In October/November every year, the Sikhs celebrate the birthday of Guru Nanak Dev, the founder of their religion; a youngish faith system called Sikhism. Although many in the world have not learnt about Guru Nanak, his contribution to our understanding of life and its deep meaning is immense. Why not learn more about the Guru's contributions to Sikhi and how this has benefited humanity?
Guru Nanak was born on April 15, 1469 but this year (2015), the Sikhs will celebrate this auspicious and momentous day on November 25. Next year (2016) this day will be celebrated on November 14.
Guru Nanak Dev came into this world at a time of extreme doom and gloom when the moral standards of the ruling class had vanished; the rulers had no respect for humanity; and law of the jungle prevailed everywhere. Men’s ideas and aspirations were at an all time low.
Materialistic wealth, plain greed and illusion of Maya fascinated the world and led everyone astray. Good acts and righteous behaviour no longer commended themselves to humans. .....More
There are 134 Shabads (hymns) of Sheikh Farid incorporated in the Guru Granth Sahib.
Many Sikh scholars ascribe them to Farid Shakarganj (1173 – 1265) of Pak Pattan, a disciple of the Sufi Qutbuddin Bakhtiyar Kaki.
The tenth in succession to his post was Shaikh Brahm (Ibrahim), also known as Farid Sani or Farid the 2nd, and it is this Farid who Guru Nanak Dev met on two occasions.
Baba Farid is recognised as the first major poet of the Punjabi language and in recognition of his exalted status, the district of Faridkot in Punjab, northern India is named after him. Baba ji was a Muslim with a predominantly Sufi background.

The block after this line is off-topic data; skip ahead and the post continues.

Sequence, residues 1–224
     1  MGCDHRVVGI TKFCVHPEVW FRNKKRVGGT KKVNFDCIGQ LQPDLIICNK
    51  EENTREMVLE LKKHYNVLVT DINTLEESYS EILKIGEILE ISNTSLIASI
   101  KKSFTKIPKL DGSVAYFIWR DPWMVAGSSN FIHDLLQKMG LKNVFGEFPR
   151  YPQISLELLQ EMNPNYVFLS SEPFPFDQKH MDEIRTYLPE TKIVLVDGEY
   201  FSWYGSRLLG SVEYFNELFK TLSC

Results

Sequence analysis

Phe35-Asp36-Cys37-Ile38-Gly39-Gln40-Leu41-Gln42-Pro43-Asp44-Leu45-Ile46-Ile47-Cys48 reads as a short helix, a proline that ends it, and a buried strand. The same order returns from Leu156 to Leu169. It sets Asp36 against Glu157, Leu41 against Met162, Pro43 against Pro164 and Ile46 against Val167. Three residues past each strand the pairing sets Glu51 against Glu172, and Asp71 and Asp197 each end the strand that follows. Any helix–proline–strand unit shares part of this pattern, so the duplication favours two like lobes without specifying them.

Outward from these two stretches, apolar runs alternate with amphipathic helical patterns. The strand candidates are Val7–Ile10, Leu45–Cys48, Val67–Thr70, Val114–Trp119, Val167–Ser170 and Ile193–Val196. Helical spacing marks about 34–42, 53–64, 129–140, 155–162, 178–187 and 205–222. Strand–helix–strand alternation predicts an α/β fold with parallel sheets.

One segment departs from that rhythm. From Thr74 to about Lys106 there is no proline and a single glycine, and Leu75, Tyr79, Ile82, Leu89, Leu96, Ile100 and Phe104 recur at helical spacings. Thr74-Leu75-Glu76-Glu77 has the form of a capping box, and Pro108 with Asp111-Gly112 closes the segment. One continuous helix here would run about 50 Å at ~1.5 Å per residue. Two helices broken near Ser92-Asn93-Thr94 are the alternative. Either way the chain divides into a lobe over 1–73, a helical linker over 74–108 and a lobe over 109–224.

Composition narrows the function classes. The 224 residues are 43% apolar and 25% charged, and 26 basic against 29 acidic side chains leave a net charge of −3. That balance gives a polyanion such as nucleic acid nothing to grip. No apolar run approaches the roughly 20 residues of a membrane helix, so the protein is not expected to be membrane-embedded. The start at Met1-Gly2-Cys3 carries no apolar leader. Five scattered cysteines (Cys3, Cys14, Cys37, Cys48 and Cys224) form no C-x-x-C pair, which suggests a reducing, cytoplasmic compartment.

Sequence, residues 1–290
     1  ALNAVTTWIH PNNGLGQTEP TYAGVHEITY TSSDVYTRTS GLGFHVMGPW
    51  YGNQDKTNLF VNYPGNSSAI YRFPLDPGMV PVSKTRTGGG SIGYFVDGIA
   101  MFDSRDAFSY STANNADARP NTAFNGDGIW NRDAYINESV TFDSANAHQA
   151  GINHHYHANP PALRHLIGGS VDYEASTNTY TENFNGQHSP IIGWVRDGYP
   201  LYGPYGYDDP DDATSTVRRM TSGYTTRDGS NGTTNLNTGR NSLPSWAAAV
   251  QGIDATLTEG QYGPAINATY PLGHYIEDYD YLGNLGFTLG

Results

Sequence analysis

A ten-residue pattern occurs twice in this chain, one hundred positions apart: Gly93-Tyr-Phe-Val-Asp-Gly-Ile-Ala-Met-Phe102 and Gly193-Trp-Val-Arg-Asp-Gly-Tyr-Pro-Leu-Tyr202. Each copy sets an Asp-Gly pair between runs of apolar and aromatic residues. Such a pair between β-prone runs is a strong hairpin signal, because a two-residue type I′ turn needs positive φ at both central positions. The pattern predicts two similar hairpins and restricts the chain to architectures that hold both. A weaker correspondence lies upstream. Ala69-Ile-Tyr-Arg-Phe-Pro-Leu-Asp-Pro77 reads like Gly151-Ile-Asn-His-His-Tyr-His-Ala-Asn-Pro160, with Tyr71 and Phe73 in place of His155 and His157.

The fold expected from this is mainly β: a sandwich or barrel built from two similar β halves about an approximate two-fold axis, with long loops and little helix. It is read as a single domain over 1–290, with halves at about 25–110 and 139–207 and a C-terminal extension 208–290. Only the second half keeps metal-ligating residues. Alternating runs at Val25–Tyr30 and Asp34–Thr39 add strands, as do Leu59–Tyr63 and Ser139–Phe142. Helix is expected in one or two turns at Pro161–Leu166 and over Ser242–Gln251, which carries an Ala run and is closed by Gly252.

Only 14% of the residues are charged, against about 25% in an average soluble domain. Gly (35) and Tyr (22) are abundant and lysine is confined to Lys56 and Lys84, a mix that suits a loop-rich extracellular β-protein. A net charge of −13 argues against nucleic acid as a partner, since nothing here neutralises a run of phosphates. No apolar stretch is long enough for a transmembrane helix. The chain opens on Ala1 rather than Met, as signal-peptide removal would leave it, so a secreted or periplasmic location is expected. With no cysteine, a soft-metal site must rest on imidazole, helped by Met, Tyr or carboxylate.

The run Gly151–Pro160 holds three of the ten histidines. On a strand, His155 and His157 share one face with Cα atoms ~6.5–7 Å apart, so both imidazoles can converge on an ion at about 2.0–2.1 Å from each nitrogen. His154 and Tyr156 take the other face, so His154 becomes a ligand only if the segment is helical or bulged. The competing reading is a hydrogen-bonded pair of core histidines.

Farid ji has been honoured by the Gurus of Sikhism and his verses were collected and subsequently compiled into the Sikh holy book, Guru Granth Sahib (normally referred to as Gurbani) under three different sections as detailed below:-
First section: The first section consists of two shabads in Raag Asa at page 488 in the Guru Granth Sahib. The Bani starts " Aasaa, The Word Of Shaykh Fareed Jee:" "They alone are true, whose love for God is deep and heart-felt." .....More
Once there was no rain in a particular area for an extended period resulting danger to the crops. In some areas, the crops had already been destroyed.
So the local people of that area decided to do Ardas - a prayer or supplication to God so that their crops may be saved. Many hundreds of people gathered together at the designated place for this Ardas.
While this gathering was in progress, a passing Sikh Saint stopped by. He asked one of the crowd why there was such a big crowd gathered and what was the purpose of the gathering. One of them told the Sikh Saint that that they had gathered here to do Ardas because the crops will be destroyed in the absence of rain; they were going to ask God for rain.
The Saint said that was a good thing that they were doing an ardas but he did not see anyone carrying an umbrellas or "barsatie" (rain coats)…. When Waheguru (God) accepted your Ardas then there will be lot of rain. One group leader laughingly said, "But we do not know whether it will rain or not."
The Saint said, "How will your Ardas be accepted when you do not have faith in Waheguru" . He told them all to go home .